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Ireland European Elections Overview

, by David Barrett

Ireland is used to political earthquakes lately. Since the 2011 General Election Ireland’s party system has changed beyond all recognition. From being the ‘Natural Party of Government’, Fianna Fáil (FF), a centrist party with populist leanings that is a member of ALDE, fell to an unprecedented third place amidst public fury at the collapse of the economy.

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However, the new governmental coalition of Fine Gael (FG), a Christian Democratic Party in the EPP, and the social-democratic Labour Party in S&D changed very few of the austerity policies pursued by Fianna Fáil in their dying days in office, resulting in the government, and Labour in particular, becoming deeply unpopular, and seeing the nationalist and far-left Sinn Fein (SF) in EUL, untainted by government, grow enormously in the polls.

Since that election Irish politics has changed dramatically. With national politics in such flux, it came as little surprise that the elections to Europe were unpredictable. Ireland only returns eleven MEPs from three constituencies, with three returned from Dublin and four each from the vast rural constituencies of South and Midlands-North-West (the latter is larger than Belgium), whose boundary essentially dissects the country in a horizontal line from Dublin. All three of the main parties – FF, FG and Labour – had reason to be fearful of this change. Due to defection and retirement, the abolition of the old East constituency effectively reduced the number of potential seats for each party by one. By contrast, the new four-seater rural constituencies increased opportunities for small parties and independents.

Much like many of its counterparts across Europe, the European Elections in Ireland saw a strong rebuke of ‘mainstream’ pro-European parties. Unlike many of its counterparts across Europe, Ireland did not see a new party sweep up discontent. Rather Ireland saw an extremely strong vote for independent candidates, who performed exceptionally well.

Ireland has a long history of electing independent deputies – and there are usually more independent deputies in the national parliament than there are in the parliaments of every other member state in the EU put together. This is usually attributed to single-transferable vote electoral prioritising candidate over party. Europe is no exception to this trend. Past independents elected to the Europe include Dana Rosemary Scallon, a former Eurovision winner, as well as less exciting (but probably more effective) candidates like Pat Cox, who became President of the European Parliament in addition to leader of ALDE, and T.J. Maher, a former leader of the National Farmers Federation. However, the only independent MEP elected in 2009 was Marian Harkin, a moderate pro-European who sits with ALDE. This means that, with the exception of Socialist MEP Paul Murphy, every outgoing Irish MEP was broadly pro-Europe (although none of them, or any candidate in Ireland, was a confirmed federalist).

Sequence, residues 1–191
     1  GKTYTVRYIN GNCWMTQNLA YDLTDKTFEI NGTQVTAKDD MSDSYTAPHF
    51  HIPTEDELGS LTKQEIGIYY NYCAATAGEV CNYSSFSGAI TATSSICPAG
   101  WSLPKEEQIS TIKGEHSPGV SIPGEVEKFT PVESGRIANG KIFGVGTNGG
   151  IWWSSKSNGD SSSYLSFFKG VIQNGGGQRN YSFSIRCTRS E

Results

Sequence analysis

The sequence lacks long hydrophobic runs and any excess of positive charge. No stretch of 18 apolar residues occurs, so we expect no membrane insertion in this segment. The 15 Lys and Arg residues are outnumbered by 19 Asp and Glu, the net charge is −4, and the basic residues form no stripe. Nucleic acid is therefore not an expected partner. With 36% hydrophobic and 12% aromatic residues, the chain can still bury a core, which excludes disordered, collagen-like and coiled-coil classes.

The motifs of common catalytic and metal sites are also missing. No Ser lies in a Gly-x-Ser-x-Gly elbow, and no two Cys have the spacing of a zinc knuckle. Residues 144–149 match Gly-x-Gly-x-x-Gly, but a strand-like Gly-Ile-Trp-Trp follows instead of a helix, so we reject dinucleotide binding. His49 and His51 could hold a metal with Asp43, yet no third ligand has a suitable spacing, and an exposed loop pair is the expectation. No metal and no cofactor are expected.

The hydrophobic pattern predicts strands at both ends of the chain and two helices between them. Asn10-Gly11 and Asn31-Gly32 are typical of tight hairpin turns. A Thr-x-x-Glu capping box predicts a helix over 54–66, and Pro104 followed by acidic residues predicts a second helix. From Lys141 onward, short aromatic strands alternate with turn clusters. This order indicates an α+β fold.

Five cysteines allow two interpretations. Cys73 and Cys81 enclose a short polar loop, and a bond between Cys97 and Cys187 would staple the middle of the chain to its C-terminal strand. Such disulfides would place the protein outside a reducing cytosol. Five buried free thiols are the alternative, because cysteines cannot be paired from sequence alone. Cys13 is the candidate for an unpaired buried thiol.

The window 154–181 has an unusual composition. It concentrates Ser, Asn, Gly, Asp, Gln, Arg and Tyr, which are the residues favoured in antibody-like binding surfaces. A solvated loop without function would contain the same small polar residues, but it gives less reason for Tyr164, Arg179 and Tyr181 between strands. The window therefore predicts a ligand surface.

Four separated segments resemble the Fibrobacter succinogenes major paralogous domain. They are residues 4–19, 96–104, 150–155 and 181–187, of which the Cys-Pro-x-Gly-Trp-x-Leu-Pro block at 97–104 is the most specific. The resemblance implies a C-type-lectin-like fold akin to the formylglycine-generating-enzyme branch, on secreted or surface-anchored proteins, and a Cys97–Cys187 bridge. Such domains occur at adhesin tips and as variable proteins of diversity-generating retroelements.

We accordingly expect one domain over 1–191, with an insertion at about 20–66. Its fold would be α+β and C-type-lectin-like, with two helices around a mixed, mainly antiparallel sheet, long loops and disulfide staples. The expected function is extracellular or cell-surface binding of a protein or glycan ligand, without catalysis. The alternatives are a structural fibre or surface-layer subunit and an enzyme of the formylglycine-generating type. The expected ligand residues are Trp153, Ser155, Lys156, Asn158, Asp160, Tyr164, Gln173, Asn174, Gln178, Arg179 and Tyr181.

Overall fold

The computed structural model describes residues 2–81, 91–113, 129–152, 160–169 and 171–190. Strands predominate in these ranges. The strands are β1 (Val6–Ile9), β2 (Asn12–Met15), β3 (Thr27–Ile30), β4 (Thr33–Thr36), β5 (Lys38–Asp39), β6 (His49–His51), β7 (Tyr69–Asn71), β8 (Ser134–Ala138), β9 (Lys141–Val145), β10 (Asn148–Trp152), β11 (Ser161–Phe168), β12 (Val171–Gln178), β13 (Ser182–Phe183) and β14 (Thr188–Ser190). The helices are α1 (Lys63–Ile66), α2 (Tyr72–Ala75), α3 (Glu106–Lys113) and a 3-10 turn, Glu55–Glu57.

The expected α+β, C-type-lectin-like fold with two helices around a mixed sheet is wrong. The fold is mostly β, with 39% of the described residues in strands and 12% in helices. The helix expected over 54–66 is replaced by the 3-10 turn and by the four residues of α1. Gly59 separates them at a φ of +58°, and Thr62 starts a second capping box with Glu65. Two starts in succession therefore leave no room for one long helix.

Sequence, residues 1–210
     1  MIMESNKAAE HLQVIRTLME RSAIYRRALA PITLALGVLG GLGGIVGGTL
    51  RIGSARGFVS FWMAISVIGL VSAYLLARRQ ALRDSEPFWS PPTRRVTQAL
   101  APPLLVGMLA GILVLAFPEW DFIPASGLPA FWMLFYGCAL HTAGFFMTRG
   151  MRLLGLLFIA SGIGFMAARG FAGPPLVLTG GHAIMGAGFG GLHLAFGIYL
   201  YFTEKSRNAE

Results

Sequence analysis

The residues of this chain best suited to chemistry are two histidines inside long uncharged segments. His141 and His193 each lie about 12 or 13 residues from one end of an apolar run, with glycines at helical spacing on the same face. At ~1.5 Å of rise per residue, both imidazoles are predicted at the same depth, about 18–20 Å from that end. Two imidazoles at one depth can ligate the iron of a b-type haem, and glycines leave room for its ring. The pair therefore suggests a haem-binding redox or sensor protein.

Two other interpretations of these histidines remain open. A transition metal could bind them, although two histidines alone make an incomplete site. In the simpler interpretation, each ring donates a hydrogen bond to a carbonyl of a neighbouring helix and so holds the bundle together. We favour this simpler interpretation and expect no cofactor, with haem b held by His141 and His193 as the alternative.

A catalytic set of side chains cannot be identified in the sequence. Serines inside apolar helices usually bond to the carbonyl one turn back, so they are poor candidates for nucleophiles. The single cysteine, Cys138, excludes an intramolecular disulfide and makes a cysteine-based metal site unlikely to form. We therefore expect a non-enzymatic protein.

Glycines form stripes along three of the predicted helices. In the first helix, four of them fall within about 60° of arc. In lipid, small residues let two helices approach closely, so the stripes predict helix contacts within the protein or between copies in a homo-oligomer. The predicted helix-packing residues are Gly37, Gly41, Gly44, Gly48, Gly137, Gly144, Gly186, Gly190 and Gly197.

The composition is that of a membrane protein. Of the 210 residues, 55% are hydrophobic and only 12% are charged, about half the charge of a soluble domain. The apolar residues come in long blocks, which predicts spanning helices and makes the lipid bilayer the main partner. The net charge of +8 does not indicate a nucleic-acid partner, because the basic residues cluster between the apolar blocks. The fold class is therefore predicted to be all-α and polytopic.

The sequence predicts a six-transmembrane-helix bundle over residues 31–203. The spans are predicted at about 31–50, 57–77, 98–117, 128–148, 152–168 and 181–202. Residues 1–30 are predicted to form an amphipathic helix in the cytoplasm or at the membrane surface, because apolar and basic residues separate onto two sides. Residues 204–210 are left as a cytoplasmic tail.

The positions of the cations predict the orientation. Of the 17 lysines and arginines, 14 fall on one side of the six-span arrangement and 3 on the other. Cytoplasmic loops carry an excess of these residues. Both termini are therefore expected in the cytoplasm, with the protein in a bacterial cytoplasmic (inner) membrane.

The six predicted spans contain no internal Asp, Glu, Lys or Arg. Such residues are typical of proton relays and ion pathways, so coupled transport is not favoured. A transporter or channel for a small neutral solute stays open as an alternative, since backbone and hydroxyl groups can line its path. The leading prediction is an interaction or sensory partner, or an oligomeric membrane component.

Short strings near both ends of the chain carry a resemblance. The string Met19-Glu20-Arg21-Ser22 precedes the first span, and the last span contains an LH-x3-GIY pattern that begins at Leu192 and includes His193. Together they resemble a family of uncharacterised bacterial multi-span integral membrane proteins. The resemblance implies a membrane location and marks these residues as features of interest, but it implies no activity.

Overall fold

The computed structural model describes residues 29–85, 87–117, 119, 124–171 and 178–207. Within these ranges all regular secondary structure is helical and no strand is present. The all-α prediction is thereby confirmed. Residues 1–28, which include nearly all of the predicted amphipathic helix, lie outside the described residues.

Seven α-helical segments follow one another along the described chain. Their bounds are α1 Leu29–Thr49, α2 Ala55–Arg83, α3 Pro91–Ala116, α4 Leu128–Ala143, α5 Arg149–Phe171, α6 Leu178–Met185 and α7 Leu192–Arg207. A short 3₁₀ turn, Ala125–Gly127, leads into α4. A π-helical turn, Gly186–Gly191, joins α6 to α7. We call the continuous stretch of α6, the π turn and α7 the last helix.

These elections were considered exceptionally unpredictable, with polls showing seven competitive candidates for three seats in Dublin alone, and the others scarcely less competitive. However they all agreed on one thing – the mainstream would do very badly. The results confirmed this. Labour was expected not to win a seat, and came nowhere close to one – leaving S&D without an MEP from every member state. Fianna Fáil – more surprisingly – polled the numbers of nightmares. In spite of coming first nationally they only delivered one seat for ALDE – the socially conservative Brian Crowley – with group leader Pat ‘the Cope’ Gallagher being defeated. Fine Gael by contrast won four seats with slightly fewer votes.

The winners? Sinn Fein will undoubtedly be pleased. In spite of nominating almost total unknowns all three of their candidates won with ease. All three are young, articulate and are very far removed from the shadow of IRA gunmen. However the big surprises of the election were the performance of two independent candidates – Nessa Childers in Dublin and Luke ‘Ming’ Flanagan in Midlands-North-West.

Childers has had a remarkably varied political career. The daughter of a FF president, she was elected as a Green candidate in the local elections in Dublin in 2004, before resigning her seat. She was then tapped by Labour and was elected in the old East constituency as an MEP. She subsequently left Labour and was expelled from S&D and decided to run in Dublin for re-election – the only constituency that contained none of her old constituency or electorate! In spite of this and the lack of any organisation she polled well, and actually won the second Dublin seat.

Luke ‘Ming’ Flanagan is even more unusual. An independent deputy in parliament, he acquired his nickname due to his apparent resemblance to the super-villain Ming the Merciless, and is known for his passionate advocation for the legalisation of cannabis, which, by his own admission at the time of his election, he used regularly (in spite of this being illegal).His running for a European seat was considered a surprise, and his campaign has focused on two things – his opposition to an apparent ban on cutting turf from bogs for fuel (a rather niche issue one would have thought), and euroscepticism. He was elected easily, showing that euroscepticism can win elections in Ireland even without a party logo to help the candidate – a worrying development. This means that Ireland’s traditional parties only elected five MEPs – four FG and one FF – against six outsiders – three SF and three independents (with the former and one of the latter being eurosceptics). A political earthquake indeed.

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